This coastal area in Sussex has pretty houses, historic buildings and lots of period charm.
Words Lesley Gillilan
On a blip of a hill that rises from the salty wetlands of the Romney Marshes, the little town of Rye is a one-off. Climb to the top of St Mary’s Church tower and you can see it all: a jumble of red-tiled roofs, a patchwork of picture-perfect gardens, the Ypres Tower (a fourteenth-century mini castle), the cobblestones of Mermaid Street tumbling downhill to the Strand Quay. Below are the fishing boats and marinas on the River Rother and, in the distance, the beaches of Rye Bay.
An ancient Cinque Port, dating from the Norman Conquest, Rye is one of the best preserved medieval towns in England. Inside the gated Citadel – the teeny town centre – it’s a time warp of tipsy timber-framed houses. No wonder it’s so often used as a period film set: for the filming of Hollywood’s The Monuments Men; and also as the fictional Tilling in BBC’s adaptation of Mapp and Lucia (a comic novel written in the 1930s by former Rye resident E F Benson). The latter has proved a magnet for visitors.
Sarah Benton, a resident from Rye, is always asked: ‘Is this is a good place to live?’ The answer, she says, is an emphatic, yes. ‘Rye has been a safe haven for our children, it’s got a big creative community and the town is stunningly beautiful.’
Sarah grew up in Kent but was living in London when she and her husband (the actor Mark Benton) decided to move to Rye with their young son. ‘We didn’t think we’d stay here forever,’ she says. But many years later, with two more children, they are still happy in Rye. ‘A big plus is the location,’ says Sarah.
In ‘1066 Country’, where rural East Sussex meets the Kent border, Rye is two miles from Winchelsea, where more pretty houses are laid out on a medieval grid of wide streets arranged around a giant church square. Inland, there is forest and gentle Sussex farmland. By the sea, the dunes of Camber Sands or Winchelsea Beach are just a short drive away. ‘Rye is a gem,’ says Sarah. ‘And there are so many wonderful landscapes within easy reach.’
WHERE TO BUY
Head for the pretty streets inside Rye’s ancient Citadel. Mermaid Street, Church Square and Watchbell Street (the latter offers low-cost parking permits) are the most sought-after with prices starting at around £500,000. Villagey Winchelsea is quieter, greener and more spread out, though it is more expensive. Both towns are big on weatherboarding, half-timbering and Sussex brick, and many of the houses are listed. For homes closer to the sea, look at bungalows and twentieth-century houses on Winchelsea Beach (a straggling seaside community, two miles from the town). Popular local villages include Peasmarsh, Iden and Udimore.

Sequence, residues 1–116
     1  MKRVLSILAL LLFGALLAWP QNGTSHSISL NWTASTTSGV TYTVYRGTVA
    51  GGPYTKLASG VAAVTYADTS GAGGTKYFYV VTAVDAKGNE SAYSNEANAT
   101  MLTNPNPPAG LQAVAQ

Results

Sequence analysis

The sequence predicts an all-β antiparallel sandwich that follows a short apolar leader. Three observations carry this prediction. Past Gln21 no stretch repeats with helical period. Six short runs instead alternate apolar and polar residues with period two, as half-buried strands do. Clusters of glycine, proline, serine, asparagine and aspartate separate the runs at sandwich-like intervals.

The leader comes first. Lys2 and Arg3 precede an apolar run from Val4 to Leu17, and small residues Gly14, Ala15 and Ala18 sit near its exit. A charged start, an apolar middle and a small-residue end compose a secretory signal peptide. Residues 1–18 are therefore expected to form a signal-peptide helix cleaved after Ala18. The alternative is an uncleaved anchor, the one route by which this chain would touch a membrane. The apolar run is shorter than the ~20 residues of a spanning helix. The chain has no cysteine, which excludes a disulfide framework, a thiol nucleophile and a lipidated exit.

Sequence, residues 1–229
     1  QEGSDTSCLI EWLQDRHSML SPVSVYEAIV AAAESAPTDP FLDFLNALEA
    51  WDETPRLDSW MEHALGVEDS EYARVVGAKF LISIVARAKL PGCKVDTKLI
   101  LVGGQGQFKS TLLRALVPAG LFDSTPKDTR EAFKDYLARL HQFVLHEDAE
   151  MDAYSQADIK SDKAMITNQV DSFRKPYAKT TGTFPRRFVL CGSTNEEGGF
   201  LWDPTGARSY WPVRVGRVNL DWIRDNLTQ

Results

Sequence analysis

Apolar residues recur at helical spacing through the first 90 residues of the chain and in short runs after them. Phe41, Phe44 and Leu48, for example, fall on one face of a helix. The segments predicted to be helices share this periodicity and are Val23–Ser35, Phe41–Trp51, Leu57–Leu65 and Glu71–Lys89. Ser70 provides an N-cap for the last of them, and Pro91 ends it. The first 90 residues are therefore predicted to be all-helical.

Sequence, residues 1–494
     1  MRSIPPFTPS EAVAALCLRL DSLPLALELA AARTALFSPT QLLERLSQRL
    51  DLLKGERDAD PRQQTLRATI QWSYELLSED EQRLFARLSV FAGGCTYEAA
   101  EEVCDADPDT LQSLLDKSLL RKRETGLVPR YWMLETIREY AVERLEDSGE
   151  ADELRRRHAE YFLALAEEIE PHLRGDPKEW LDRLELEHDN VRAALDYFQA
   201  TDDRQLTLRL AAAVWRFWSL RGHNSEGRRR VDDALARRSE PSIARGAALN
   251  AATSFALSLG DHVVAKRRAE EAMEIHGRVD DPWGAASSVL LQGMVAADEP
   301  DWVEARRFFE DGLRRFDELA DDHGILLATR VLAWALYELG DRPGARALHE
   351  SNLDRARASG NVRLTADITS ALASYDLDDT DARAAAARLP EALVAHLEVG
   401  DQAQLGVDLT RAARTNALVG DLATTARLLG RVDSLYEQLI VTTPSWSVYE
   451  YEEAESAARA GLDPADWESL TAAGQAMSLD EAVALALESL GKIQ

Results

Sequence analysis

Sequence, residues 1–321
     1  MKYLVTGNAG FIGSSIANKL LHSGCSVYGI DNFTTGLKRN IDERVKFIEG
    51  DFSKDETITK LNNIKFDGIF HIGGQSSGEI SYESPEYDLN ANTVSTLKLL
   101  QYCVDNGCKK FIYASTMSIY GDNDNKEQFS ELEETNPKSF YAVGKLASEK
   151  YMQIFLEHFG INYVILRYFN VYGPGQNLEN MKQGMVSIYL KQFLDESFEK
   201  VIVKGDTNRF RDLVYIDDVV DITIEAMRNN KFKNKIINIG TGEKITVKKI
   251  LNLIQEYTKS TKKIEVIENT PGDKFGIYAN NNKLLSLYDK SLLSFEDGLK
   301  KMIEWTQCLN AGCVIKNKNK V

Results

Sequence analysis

On one side of town lies Camber Sands’ long stretch of yellow dunes, on the other, Winchelsea’s curve of shingle. Rye’s annual events include jazz and maritime festivals in August and an arts festival in September. A Kino Digital Cinema also opened in 2015. Other attractions include E F Benson’s former home, Lamb House in West Street (now owned by the National Trust) and the town is a honeypot of vintage and independent crafts shops: among them Rye Pottery and the Tiny Book Store. For eating out, try fish pie and great chips at The Ship Inn or fresh, local seafood at The Gallivant in Camber. For more information, see visit1066country.com
JOBS & COMMUTING
With its growing tourist population, Rye is a great place to begin a new career in catering, retailing or the creative industries, and it’s well connected, too. Trains from Rye or Winchelsea’s branch-line stations take 20 minutes to Ashford International, where you can board a high-speed service to London (Charing Cross or St Pancras in just under 40 minutes). Hastings is a 25-minute drive away (or 20 minutes by train). The nearest airport is Gatwick.
The town’s state-run comprehensive, Rye College, is rated Good by Ofsted. A recent-addition is Rye Studio school, a Crafts Council affiliation for sixth-formers specialising in creative enterprise.
Living in a picture-perfect cottage on well-trodden heritage streets may not suit everyone. In the town centre, houses with parking are rare, damp cellars are common and shopping is limited (plenty of gifts and vintage kitchenware, a deli, greengrocer and butcher, but very few large supermarkets). Big-store shoppers need to head for Ashford or Hastings.
PAY A VISIT
The George in Rye thegeorgeinrye.com
George Clooney, Matt Damon and Kevin Costner are among the cast of illustrious guests who have stayed at this stylish hotel – a mix of Georgian architecture, antiques, art and contemporary design. The luxury rooms and suites are all different, some featuring copper and zinc bathtubs and sleeping pods for children. Downstairs, The Tap bar and The Grill restaurant serve modern British dishes, Rye Bay seafood and real ale. From around £100 a night.
Click here to explore other coastal towns.
What Sarah likes about… Rye Bay
The two-mile CYCLE RIDE FROM RYE HARBOUR NATURE RESERVE TO WINCHELSEA BEACH. ‘It’s teeming with wildlife and the landscape is incredible – so bleak and yet so friendly – the skies are enormous, and the walk along the beach is a real cobweb blower.’
RYE WATERSPORTS, a family-run lake at Northpoint Water between Rye and Camber Sands. ‘They offer sailing, kayaking, kitesurfing, paddleboarding, picnicking and windsurfing, and it’s only minutes from town. We’re there all the time in the summer.’
THE MERMAID STREET CAFÉ. ‘This café is right at the bottom of Mermaid Street, by the old fishing huts; you can sit on a bench on a cobbled terrace, and they serve the best ice cream ever.’ Sarah’s favourite is the panna cotta.
Rye is celebrity central: the filming of Mapp and Lucia brought in Miranda Richardson, Anna Chancellor and Steve Pemberton; George Clooney came to film The Monuments Men; and Paul McCartney is a permanent resident.